At Reform we called this compulsory insurance scheme a “Later Life Care Fund”. Put simply, individuals would contribute a small proportion – say 2 per cent or 3 per cent – of earnings into a mutual fund, pooling risk with peers in their age group. The fund would be state-backed but privately managed to maximise returns (the performance of pension assets, for example, outstrips real GDP growth). And to avoid adding additional costs on to those just starting their working life, government could choose to start contributions at, say, age 35.

Top-ups would still likely be needed, from a mixture of the tax and individual savings depending on the means-test set. But this is a long-term solution that would cost less and, crucially, deliver greater fairness than looking to solve the problem through general taxation. 

Clearly an answer is still needed for today’s funding crisis. Using general taxation in some way is unavoidable, but this has to be minimised, not least to mitigate the double burden of requiring those same taxpayers to pay into their own insurance scheme.  

It just so happens that there’s a lot of untapped – and unearned – wealth among those who will need social care in the near future. Baby boomers and generation X were the lucky beneficiaries of the 1990s property price boom. The idea that they shouldn’t have to spend some of that wealth on their care costs, but instead expect others to foot the bill, is just plain wrong.

In fact, for some people who move into residential care, that already is the reality. The value of property is included in the current social care means test, and subject to eligibility criteria, local authorities offer individuals with housing wealth deferred payment agreements, where care costs are deferred in exchange for a claim on the participant’s housing equity.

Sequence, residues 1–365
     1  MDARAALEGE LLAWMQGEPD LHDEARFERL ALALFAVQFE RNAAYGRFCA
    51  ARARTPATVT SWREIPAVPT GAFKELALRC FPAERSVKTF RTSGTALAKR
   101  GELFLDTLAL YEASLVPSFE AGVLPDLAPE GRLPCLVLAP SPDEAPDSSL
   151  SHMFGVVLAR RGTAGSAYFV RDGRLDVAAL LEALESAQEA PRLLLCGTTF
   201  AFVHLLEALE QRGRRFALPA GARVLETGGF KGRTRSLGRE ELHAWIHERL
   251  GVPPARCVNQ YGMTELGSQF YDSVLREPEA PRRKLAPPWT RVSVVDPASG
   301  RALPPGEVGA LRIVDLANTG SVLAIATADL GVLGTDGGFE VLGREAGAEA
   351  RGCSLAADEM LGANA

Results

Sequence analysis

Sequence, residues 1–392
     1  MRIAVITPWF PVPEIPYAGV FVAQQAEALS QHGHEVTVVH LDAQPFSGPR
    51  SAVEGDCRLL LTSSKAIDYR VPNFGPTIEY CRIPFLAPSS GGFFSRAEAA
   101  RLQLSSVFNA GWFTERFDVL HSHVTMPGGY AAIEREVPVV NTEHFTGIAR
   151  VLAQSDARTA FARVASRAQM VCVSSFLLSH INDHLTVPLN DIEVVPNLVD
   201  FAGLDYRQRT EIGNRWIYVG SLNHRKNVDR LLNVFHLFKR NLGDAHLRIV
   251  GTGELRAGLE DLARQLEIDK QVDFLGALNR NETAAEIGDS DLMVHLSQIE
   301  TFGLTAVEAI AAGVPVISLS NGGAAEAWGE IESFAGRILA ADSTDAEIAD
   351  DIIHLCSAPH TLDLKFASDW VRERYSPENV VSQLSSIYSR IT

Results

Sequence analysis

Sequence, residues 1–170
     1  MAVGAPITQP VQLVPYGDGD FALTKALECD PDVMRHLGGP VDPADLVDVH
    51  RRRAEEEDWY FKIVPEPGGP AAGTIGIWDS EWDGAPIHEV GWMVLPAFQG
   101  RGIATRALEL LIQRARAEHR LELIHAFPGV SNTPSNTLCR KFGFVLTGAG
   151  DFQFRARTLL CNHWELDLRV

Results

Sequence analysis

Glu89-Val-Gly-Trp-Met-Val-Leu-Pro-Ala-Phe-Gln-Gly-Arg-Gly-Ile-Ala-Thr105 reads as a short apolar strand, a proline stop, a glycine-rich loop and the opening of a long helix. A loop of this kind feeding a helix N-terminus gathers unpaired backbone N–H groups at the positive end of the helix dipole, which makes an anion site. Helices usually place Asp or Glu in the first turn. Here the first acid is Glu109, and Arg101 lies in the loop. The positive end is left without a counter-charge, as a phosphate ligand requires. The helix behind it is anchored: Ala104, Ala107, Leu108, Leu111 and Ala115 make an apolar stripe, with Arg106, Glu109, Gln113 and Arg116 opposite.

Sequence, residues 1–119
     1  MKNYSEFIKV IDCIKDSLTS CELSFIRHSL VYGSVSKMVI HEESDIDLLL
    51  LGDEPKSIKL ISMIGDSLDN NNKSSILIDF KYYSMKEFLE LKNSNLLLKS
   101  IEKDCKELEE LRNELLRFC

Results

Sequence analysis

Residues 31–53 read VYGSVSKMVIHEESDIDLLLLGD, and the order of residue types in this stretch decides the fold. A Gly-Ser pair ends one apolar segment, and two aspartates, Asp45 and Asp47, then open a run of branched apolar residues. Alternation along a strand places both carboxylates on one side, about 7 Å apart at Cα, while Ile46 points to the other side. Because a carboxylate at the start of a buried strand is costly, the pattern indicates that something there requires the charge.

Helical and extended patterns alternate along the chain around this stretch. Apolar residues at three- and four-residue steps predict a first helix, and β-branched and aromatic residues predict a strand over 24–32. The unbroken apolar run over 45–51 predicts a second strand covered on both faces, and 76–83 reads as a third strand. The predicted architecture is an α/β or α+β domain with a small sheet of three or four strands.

Extending this type of equity release scheme would allow the Prime Minister to honour his commitment that no one has to sell their house – at least not while they are alive – while ensuring that younger generations can avoid funding the care of asset-rich pensioners. It goes without saying that pensioners who do not own property would not be affected.

To further plug the funding gap, the government should means-test over-generous pensioner benefits such as the Winter Fuel Allowance, and scrap the triple lock in favour of re-indexing the state pension to earnings.

Unfortunately, those young people favouring tax cuts are very unlikely to get their wish. Increases in general taxation are inevitable in the short-term – just look at the public finances. But raising them as the primary solution to the social care crisis is neither fiscally prudent nor morally justifiable. The current system is already stacked in favour of older generations at the expense of younger ones. As Sajid Javid turns his attention to providing that ever elusive social care plan, that fact should be front of mind.

[See also: Without radical action on housing and inequality, a bitter generation war looms]